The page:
In selecting constant detail, Blender also gives you an eyedropper which allows you to set the edge lengths of your current region to match that of another region within your mesh.
Third, the brush detail option allows you to add detail depending on the percentage you have set for your brush cursor. You are able to increase the edge length by increasing the radius of your brush cursor. So, if you want to add finer details to your mesh you should reduce the radius of your brush.
Lastly, we have the manual detail option in which the edge length in your mesh is fixed based on the resolution value you selected in the detail size. The level of detail here is fixed and is not dependent on the size of your brush cursor or the zoom preferences you want.
As you work with and get familiar using dynamic topology you may run into some problems at times.
One of them is being unable to see any differences in your mesh as you sculpt. This is usually because not all your sculpting brushes in Dyntopo will dynamically add fine details as you sculpt. So, you should change the sculpt brush you are using or select the “Detail Flood Fill” option in Constant Detail.
You might also get a vertex data warning as you turn on the Dyntopo tool. The image below shows this:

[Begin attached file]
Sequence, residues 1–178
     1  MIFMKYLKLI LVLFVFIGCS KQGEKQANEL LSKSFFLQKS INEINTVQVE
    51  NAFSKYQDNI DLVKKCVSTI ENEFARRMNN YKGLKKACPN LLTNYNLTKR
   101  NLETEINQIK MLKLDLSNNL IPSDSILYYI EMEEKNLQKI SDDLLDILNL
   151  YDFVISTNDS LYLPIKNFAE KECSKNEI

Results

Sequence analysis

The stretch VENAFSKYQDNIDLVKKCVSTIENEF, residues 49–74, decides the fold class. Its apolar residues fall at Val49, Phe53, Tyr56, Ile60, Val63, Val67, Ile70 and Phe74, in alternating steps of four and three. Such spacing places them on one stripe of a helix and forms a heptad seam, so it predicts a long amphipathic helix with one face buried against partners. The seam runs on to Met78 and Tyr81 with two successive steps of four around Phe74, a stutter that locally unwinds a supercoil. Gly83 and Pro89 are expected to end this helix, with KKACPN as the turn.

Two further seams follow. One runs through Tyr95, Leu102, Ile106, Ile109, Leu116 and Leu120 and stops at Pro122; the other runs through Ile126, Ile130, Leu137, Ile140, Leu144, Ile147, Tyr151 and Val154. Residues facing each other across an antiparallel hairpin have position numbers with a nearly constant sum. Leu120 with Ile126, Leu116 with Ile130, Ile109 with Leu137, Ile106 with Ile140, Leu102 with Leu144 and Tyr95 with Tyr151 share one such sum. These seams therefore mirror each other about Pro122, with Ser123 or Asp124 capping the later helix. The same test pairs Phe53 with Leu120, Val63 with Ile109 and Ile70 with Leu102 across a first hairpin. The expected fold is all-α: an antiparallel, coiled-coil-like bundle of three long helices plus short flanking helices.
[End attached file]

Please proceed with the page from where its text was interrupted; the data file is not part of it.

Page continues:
This warning informs you that the dyntopo tool will permanently change the topology of your mesh. So, any vertex colors, UVs or vertex groups that your mesh previously had will be permanently altered. You can click OK if you want to continue with Dyntopo.
The Dynamic topology tool is not the only tool that allows you to sculpt finer details in Blender, there is also the Multiresolution (multires) modifier.
The multiresolution modifier is a modifier you add to the modifier stack.
Related content: How modifiers work in Blender, an overview
It allows you to subdivide the mesh evenly and multiple times. At each stage you can add detail and sculpt your object before subdividing again and move to even more detail. You can then access the mesh at any sculpting level.
At first, dynamic topology can be a bit tricky to understand. I suggest that you test the options and play with it in sculpt mode to get a feel for how the different settings work.
We covered how to enable dynamic topology, it's settings such as detail size, resolution, and detailing method.
Thank for your time.